Smartphones Fluctuate Hormone Levels, Raises Risk Of Premature Puberty: Study

The results of a rat study, presented at the 60th annual European Society for Pediatric Endocrinology meeting recently, suggest that regular exposure to blue light from tablets and smartphones may affect hormone levels and increase the risk of precocious puberty.

A longer period of exposure to blue light was associated with an earlier onset of puberty in female mice, who also exhibited decreased levels of melatonin, higher levels of various reproductive hormones, and physical changes in their ovaries. The use of mobile devices that emit blue light is already associated with disturbed sleep patterns in children, but the current findings suggest that there may be additional dangers to fetal development and future fertility.

The increasing use of devices that produce blue light, such as tablets and smartphones, has been linked to sleep quality in children and adults. Blue light slows the rise in melatonin levels in the evening to prepare our bodies for sleep and rest, which is thought to interfere with our body clock.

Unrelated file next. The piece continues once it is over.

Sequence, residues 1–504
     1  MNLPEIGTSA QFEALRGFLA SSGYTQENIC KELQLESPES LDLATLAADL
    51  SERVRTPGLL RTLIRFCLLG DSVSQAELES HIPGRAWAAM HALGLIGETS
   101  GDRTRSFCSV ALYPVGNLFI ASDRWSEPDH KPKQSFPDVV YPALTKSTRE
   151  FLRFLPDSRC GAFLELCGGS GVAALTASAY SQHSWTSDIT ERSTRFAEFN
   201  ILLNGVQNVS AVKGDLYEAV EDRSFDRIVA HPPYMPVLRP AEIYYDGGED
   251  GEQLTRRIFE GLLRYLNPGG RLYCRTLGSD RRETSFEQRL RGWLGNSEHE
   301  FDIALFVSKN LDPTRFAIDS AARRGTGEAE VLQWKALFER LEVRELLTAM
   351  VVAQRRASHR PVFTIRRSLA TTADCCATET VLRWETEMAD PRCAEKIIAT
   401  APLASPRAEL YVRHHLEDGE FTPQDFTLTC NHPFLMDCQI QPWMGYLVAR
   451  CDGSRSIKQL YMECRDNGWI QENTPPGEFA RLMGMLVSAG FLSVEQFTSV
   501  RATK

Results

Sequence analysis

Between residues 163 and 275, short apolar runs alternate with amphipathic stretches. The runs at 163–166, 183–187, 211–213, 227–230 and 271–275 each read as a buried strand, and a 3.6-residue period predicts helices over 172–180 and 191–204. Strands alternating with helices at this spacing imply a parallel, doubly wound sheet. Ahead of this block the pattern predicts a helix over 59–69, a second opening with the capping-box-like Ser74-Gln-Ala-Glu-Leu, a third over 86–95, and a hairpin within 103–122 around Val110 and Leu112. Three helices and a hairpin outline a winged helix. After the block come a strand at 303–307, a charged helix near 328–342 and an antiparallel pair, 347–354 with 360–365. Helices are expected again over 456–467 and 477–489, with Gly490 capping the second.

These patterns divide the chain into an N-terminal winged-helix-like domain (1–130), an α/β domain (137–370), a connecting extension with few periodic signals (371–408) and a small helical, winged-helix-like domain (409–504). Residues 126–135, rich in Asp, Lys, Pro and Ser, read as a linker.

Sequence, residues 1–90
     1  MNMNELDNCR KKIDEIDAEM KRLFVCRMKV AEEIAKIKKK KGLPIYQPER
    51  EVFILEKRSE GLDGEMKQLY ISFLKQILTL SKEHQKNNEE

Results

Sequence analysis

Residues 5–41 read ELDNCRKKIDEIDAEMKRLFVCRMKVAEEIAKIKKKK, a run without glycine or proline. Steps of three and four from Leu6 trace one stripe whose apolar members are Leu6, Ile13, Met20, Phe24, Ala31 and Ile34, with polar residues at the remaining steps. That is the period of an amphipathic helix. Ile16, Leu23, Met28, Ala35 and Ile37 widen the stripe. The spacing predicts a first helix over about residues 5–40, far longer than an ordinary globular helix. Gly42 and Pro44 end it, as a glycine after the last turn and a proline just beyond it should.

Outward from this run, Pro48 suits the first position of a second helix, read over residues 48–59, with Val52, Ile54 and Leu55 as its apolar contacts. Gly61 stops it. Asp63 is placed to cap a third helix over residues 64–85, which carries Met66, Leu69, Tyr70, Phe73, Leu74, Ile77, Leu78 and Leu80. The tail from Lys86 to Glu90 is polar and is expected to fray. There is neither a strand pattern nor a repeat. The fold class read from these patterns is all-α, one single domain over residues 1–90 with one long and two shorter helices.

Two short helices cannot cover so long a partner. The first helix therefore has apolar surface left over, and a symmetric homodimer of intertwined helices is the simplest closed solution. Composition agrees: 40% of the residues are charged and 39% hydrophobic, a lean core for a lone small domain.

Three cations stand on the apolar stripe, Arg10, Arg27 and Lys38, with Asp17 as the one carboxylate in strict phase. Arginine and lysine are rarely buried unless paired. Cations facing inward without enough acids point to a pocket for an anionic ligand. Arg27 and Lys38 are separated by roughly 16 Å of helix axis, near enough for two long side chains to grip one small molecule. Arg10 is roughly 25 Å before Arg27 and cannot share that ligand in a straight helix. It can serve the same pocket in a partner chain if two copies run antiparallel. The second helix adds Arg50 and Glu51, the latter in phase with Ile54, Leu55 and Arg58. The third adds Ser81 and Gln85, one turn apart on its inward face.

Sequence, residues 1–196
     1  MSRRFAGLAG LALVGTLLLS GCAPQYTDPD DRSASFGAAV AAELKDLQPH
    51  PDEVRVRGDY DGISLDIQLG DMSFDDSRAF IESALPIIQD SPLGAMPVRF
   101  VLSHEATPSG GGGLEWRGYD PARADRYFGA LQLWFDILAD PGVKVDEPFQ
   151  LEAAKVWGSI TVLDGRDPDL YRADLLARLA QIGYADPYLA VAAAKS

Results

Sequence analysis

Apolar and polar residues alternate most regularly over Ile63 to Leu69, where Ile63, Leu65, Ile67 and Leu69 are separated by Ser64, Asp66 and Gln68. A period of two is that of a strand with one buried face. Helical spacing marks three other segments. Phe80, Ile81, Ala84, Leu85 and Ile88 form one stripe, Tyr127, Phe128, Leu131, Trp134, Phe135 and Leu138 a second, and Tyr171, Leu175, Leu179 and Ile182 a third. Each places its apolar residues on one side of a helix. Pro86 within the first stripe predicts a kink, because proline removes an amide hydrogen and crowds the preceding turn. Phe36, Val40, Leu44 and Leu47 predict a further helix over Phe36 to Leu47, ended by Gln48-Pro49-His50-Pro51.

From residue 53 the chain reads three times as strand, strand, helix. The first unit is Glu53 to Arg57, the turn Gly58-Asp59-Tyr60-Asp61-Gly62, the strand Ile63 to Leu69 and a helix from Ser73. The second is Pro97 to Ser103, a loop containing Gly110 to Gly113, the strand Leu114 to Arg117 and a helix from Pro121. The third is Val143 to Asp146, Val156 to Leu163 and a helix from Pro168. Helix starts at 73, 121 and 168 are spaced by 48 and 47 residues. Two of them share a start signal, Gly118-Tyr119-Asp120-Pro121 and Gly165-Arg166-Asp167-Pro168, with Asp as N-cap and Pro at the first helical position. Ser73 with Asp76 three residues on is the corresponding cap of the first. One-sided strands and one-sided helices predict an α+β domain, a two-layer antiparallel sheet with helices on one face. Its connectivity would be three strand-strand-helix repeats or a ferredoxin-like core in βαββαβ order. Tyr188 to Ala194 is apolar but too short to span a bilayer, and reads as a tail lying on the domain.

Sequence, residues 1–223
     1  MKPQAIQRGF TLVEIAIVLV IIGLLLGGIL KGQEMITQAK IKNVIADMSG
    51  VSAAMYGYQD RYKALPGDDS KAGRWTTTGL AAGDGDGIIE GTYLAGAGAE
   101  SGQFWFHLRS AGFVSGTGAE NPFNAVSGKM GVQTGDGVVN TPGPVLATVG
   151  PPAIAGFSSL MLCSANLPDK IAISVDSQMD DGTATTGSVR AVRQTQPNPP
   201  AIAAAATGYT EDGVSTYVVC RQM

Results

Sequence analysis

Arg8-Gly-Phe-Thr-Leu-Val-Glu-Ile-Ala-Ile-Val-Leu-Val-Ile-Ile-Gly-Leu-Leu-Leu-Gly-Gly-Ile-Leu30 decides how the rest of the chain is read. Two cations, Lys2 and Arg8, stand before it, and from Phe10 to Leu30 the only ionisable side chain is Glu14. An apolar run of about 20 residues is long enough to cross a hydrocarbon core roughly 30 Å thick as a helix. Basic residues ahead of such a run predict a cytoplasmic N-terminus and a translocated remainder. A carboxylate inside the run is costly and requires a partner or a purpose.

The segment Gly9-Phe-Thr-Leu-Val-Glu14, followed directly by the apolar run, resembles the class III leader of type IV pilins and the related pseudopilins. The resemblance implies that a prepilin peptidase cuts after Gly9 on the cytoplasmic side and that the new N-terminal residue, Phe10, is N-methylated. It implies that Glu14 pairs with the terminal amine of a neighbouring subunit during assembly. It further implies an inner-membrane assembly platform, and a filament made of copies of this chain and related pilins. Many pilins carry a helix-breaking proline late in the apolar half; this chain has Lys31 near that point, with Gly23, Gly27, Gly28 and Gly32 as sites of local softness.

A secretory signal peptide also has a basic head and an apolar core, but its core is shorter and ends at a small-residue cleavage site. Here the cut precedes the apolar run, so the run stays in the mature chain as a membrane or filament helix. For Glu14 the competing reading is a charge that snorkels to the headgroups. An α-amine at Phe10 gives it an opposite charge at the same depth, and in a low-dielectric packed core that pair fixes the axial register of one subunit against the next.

Melatonin levels are usually higher before puberty than during puberty, which may play a role in delaying the onset of puberty. The complex process of puberty requires the coordination of numerous physical functions and hormones.

Several studies in recent years have found an increase in the onset of early puberty in girls, especially during the COVID-19 pandemic. Increased screen time, such as was experienced during pandemic restrictions, may have contributed to this reported increase, as indicated by the association between blue light exposure and decreased melatonin levels. However, it is quite challenging to assess children.

Dr Aylin Kilinc Uurlu said, “Since this was a rat study, we cannot be certain that these findings would be duplicated in children.” Although simulating the same level of blue light exposure as a child using tablets is challenging in mice, the age at which mice reach puberty is roughly comparable to humans when considering the short lifespan of mice.